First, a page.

Center For Rural Affairs Pushes For Rural Development Funds

Center For Rural Affairs Pushes For Rural Development Funds

Farm Bill, as now debated, would not include funding for small town and rural development.

The Center for Rural Affairs has joined more than 185 leaders and rural organizations from across the nation in signing and sending a letter sent to every U.S. Senator expressing support for federal investment in rural development in the Farm Bill currently being debated on the floor of the Senate.

The letter states that one of the proven job-creating titles of the farm bill is the Rural Development title, which authorizes essential grants and loan programs targeted at leveraging local initiatives to spur growth and opportunity in small towns and rural areas.

Center For Rural Affairs Pushes For Rural Development Funds

"If passed as it now stands, this will be the first farm bill in decades to provide no funding for small town and rural development. Rural development has already been cut by one-third since 2003, mostly by the annual appropriations process through which Congress divides up the budget," said Chuck Hassebrook of the Center for Rural Affairs. "But passing a farm bill with no funding for job creating and community building rural development programs deepens that cut."

The Center for Rural Affairs and other signatories on the letter urged Senators to correct this deficiency by providing robust funding for the following successful Rural Development programs: Value-Added Producer Grants, Rural Microentrepreneur Assistance Program, Rural Energy Savings Program, and Rural Water and Wastewater Treatment Backlog.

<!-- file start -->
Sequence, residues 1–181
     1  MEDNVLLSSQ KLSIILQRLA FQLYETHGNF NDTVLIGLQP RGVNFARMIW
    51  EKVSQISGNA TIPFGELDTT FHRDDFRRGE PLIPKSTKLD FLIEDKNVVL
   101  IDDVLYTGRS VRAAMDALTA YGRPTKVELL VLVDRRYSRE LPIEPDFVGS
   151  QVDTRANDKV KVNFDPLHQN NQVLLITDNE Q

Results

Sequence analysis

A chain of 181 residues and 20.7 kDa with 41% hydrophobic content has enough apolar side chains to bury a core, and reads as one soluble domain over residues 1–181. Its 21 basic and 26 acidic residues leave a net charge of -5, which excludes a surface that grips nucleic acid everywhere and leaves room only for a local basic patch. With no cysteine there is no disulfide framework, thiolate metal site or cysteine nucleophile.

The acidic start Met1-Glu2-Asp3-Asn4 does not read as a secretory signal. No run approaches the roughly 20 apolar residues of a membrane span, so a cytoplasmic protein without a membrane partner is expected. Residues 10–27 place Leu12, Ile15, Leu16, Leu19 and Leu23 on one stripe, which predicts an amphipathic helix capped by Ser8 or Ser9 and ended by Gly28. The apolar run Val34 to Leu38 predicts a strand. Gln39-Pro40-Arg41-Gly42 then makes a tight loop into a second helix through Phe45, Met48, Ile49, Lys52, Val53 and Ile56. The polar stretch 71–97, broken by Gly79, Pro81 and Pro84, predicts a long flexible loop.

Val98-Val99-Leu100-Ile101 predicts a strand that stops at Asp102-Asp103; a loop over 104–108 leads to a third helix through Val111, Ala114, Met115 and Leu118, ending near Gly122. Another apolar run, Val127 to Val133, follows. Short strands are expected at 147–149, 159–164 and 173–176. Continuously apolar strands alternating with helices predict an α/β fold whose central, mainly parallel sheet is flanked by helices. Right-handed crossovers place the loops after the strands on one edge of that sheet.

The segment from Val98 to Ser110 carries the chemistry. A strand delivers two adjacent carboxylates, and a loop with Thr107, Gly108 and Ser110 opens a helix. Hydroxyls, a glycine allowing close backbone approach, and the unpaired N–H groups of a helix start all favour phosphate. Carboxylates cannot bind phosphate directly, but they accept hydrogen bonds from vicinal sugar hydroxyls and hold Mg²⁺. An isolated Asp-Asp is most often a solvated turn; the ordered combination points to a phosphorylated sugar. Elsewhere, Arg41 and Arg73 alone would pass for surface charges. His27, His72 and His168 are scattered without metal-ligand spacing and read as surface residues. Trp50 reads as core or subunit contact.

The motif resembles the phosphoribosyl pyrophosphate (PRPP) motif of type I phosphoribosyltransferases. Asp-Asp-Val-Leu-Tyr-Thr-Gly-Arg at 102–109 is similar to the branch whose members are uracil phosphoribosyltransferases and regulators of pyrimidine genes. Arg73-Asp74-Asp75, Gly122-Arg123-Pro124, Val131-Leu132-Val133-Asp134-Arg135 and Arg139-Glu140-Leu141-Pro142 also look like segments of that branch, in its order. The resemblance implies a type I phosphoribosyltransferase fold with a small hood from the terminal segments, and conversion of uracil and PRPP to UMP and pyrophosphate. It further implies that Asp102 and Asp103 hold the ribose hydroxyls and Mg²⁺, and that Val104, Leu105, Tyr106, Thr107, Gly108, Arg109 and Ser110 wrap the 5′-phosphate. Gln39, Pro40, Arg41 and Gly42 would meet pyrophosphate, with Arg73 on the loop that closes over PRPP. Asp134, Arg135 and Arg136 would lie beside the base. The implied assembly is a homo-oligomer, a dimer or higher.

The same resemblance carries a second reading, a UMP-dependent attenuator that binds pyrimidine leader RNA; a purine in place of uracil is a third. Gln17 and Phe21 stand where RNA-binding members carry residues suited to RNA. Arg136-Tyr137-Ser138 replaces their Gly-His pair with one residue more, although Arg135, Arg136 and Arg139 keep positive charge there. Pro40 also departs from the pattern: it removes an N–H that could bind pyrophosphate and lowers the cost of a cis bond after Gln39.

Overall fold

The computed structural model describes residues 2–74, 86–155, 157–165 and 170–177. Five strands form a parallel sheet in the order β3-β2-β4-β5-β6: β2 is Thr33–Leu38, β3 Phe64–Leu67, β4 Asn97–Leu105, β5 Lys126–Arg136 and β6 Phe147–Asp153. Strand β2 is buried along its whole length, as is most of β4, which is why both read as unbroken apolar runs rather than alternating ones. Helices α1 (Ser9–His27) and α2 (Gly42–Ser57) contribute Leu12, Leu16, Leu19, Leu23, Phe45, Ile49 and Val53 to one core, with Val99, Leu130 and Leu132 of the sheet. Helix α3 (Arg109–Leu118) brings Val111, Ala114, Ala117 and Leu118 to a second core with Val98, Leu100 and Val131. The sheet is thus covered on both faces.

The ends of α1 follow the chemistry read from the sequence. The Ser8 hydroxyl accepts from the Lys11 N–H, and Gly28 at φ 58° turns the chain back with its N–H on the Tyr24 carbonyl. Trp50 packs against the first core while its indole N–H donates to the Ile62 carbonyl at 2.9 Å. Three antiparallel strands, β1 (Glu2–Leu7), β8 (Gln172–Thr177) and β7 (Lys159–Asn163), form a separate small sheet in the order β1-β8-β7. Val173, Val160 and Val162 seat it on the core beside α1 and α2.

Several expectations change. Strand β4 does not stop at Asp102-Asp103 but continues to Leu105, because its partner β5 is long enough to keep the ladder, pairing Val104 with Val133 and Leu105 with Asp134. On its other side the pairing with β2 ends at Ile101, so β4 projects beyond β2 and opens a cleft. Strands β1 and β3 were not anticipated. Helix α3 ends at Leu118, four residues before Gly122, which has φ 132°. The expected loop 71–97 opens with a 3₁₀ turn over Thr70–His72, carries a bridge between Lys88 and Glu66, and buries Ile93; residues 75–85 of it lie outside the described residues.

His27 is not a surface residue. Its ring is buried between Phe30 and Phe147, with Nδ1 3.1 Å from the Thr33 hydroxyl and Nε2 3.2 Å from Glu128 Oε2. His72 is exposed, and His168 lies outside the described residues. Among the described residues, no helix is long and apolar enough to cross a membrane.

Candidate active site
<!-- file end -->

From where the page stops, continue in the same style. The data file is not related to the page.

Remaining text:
"This letter demonstrates strong support for programs that create jobs and assist beginning farmers, small businesses and small towns across rural America," added Hassebrook.

The signatories also urged investment in the future of American agriculture. Specifically, the letter noted that, "The average age of an American agricultural producer today is 57, and if we let current trends go unchecked, that number will only increase.  Providing training and technical assistance to the next generation of farmers can help buck the trend and ensure future food security."

However, according to the letter, the Farm Bill passed by the Senate Agriculture Committee falls far short of maintaining current investment in the training tools that new and diverse farmers need to succeed.

"And that is why we are urging Senators to provide robust mandatory funding for the Beginning Farmer and Rancher Development Program and Outreach for Socially Disadvantaged and Minority Producers, Hassebrook explained.

The complete letter, including signatories is available here:

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